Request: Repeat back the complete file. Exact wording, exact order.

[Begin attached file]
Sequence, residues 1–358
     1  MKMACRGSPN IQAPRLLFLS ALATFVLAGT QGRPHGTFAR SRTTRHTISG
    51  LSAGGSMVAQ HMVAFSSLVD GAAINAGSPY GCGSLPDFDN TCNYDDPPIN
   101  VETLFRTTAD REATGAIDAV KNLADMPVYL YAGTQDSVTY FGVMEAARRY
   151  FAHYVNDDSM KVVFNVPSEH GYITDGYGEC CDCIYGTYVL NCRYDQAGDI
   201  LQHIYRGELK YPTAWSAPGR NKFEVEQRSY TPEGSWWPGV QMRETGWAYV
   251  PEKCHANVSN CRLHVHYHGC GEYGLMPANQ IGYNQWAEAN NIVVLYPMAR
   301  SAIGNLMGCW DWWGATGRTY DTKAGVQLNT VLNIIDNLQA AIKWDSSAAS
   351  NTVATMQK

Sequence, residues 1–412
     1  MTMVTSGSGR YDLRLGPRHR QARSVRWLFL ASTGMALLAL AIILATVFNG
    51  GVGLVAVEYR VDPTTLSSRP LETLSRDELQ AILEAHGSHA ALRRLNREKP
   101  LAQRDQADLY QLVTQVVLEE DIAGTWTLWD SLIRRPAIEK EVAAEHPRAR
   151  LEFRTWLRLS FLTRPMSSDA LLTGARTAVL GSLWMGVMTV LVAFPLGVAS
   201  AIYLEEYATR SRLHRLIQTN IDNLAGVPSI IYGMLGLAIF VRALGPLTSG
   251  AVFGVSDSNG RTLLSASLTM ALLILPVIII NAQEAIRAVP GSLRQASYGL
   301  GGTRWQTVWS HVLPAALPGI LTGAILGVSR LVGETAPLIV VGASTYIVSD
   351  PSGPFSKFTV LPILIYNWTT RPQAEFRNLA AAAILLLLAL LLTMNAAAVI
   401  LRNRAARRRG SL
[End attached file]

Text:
Sequence, residues 1–358
     1  MKMACRGSPN IQAPRLLFLS ALATFVLAGT QGRPHGTFAR SRTTRHTISG
    51  LSAGGSMVAQ HMVAFSSLVD GAAINAGSPY GCGSLPDFDN TCNYDDPPIN
   101  VETLFRTTAD REATGAIDAV KNLADMPVYL YAGTQDSVTY FGVMEAARRY
   151  FAHYVNDDSM KVVFNVPSEH GYITDGYGEC CDCIYGTYVL NCRYDQAGDI
   201  LQHIYRGELK YPTAWSAPGR NKFEVEQRSY TPEGSWWPGV QMRETGWAYV
   251  PEKCHANVSN CRLHVHYHGC GEYGLMPANQ IGYNQWAEAN NIVVLYPMAR
   301  SAIGNLMGCW DWWGATGRTY DTKAGVQLNT VLNIIDNLQA AIKWDSSAAS
   351  NTVATMQK

Sequence, residues 1–412
     1  MTMVTSGSGR YDLRLGPRHR QARSVRWLFL ASTGMALLAL AIILATVFNG
    51  GVGLVAVEYR VDPTTLSSRP LETLSRDELQ AILEAHGSHA ALRRLNREKP
   101  LAQRDQADLY QLVTQVVLEE DIAGTWTLWD SLIRRPAIEK EVAAEHPRAR
   151  LEFRTWLRLS FLTRPMSSDA LLTGARTAVL GSLWMGVMTV LVAFPLGVAS
   201  AIYLEEYATR SRLHRLIQTN IDNLAGVPSI IYGMLGLAIF VRALGPLTSG
   251  AVFGVSDSNG RTLLSASLTM ALLILPVIII NAQEAIRAVP GSLRQASYGL
   301  GGTRWQTVWS HVLPAALPGI LTGAILGVSR LVGETAPLIV VGASTYIVSD
   351  PSGPFSKFTV LPILIYNWTT RPQAEFRNLA AAAILLLLAL LLTMNAAAVI
   401  LRNRAARRRG SL